On Saturday the 24th, while Thomas was traveling back to Ithaca on the bus, I was eating Thanksgiving leftovers and thinking about my upcoming Sunday IFR lesson. I was scheduled to fly with David (St George) on a cross-country to Syracuse and Oswego. From the East Hill Facebook page, I learned of Thomas’ adventure and of a planned Sunday “rescue mission” to Teterboro. From the weather forecasts, I learned that lake effect snow was expected in Syracuse on Sunday, making a northbound cross-country somewhat unlikely. Upon discussion with David, we decided to combine my cross-country lesson and the rescue mission and fly to Teterboro instead of Syracuse. I was thrilled, since I really wanted to get some experience in the busy NYC IFR environment. I had been in NYC airspace once before, on a solo VFR Hudson Corridor trip, so I already knew there is no substitute for that airspace if you want to challenge yourself as a pilot and take your skills to the next level.

On Sunday morning, Thomas, David and I met at the club and decided on the plan. The weather was not ideal, but acceptable. There was an overcast over Ithaca that extended somewhat futher southeast, but the NYC area was clear. Icing would be a possibility and definitely something to watch for on climbout, but we made the collective judgment call to give it a try, while being very vigilant and ready to divert to Binghamton at any sign of trouble. We took with us the tire and tube for the Mooney, Thomas came along to fly the Mooney back, and David Wanagel came along to help as well. The plane we would be taking was 97266, as it was still in engine break-in and needed to go on more trips. This would pose a challenge for me as I had hardly flown that plane at all; as most of you know, unlike our other two 172’s, it is equipped with an Aspen “glass” display which looks quite different from the traditional instruments that I am accustomed to. Still, I was up for the challenge and we set off for Teterboro. We filed KITH-HNK-V167-WEARD-V489-COATE-KTEB and received an “as filed” clearance. So far so good.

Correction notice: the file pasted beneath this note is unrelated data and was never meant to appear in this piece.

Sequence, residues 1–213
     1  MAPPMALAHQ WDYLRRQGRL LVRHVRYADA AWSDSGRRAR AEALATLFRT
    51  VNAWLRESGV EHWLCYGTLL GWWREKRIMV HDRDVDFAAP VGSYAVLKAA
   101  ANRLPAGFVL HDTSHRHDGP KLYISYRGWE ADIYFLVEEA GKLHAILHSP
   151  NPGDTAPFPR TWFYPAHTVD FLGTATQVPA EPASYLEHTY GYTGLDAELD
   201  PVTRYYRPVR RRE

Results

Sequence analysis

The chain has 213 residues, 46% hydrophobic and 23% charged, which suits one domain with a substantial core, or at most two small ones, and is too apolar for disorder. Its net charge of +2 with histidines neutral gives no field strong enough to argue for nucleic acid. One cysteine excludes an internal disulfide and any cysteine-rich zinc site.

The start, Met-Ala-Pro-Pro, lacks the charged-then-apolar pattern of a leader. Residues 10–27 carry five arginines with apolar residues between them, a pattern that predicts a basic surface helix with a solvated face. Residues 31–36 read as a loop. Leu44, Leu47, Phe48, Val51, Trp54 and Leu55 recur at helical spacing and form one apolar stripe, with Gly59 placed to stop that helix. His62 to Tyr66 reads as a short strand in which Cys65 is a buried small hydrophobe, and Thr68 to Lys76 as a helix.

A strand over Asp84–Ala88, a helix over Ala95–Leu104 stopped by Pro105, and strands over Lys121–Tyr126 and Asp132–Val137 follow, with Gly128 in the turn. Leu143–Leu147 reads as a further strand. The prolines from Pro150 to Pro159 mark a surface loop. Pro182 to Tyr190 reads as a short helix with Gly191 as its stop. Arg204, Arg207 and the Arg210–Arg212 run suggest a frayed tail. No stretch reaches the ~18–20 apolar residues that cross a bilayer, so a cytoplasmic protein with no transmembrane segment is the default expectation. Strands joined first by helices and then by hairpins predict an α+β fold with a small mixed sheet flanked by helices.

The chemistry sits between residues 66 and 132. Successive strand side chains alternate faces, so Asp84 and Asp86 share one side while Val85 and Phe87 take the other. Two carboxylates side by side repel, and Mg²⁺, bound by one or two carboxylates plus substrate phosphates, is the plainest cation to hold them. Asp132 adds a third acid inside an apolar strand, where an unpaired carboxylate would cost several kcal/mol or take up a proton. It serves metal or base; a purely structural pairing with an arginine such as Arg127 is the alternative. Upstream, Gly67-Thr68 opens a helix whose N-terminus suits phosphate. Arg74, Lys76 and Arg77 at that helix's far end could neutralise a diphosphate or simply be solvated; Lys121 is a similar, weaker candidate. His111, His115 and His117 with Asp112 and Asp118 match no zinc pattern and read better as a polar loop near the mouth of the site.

After takeoff, icing was not as big an issue as we had feared, so we continued on past Binghamton. I was having to work very hard to understand the display on the Aspen, and many of the fancy features were confusing me greatly; however, I gradually got used to it. The flight was uneventful until we got close to the city and switched to New York Approach. As you know if you’ve flown that airspace, there’s always a moment where things go from “sleepy and quiet” to “OMGWTFBBQ there are HOW many planes around me and on the frequency?”. That definitely happened, and I had a hard time maintaining situational awareness given that I was also dealing with an unfamiliar plane.

Landing on Runway 19 at Teterboro with crazy right crosswind

With David there to help, however, things went reasonably smoothly and soon we were descending — through a thin layer of clouds, picking up just a trace of ice — and tracking the localizer and glideslope inbound for the ILS 19 approach into Teterboro. The wind situation was less than ideal, with winds reported at 330-ish at 10+ knots with gusts, setting us up for an unpleasant downwind landing. We were considering asking for a different runway, but as we were coming in to land, the wind had shifted to a right crosswind, which we could work with. The photo you see was taken on short final; I have only the faintest recollection of David taking it, I was so overloaded.

The team at KTEB
On the ground at Teterboro

Once safely on the ground, we had a minor misunderstanding with the Tower controller as to the taxiway we should pull off on, but this was quickly resolved (with traffic behind us, there was no time to resolve it slowly!). At Meridian, we delivered the tire and met with Eric, the mechanic who would install it on the Mooney. In the meantime, we borrowed one of the crew cars and went to have lunch at Panera Bread.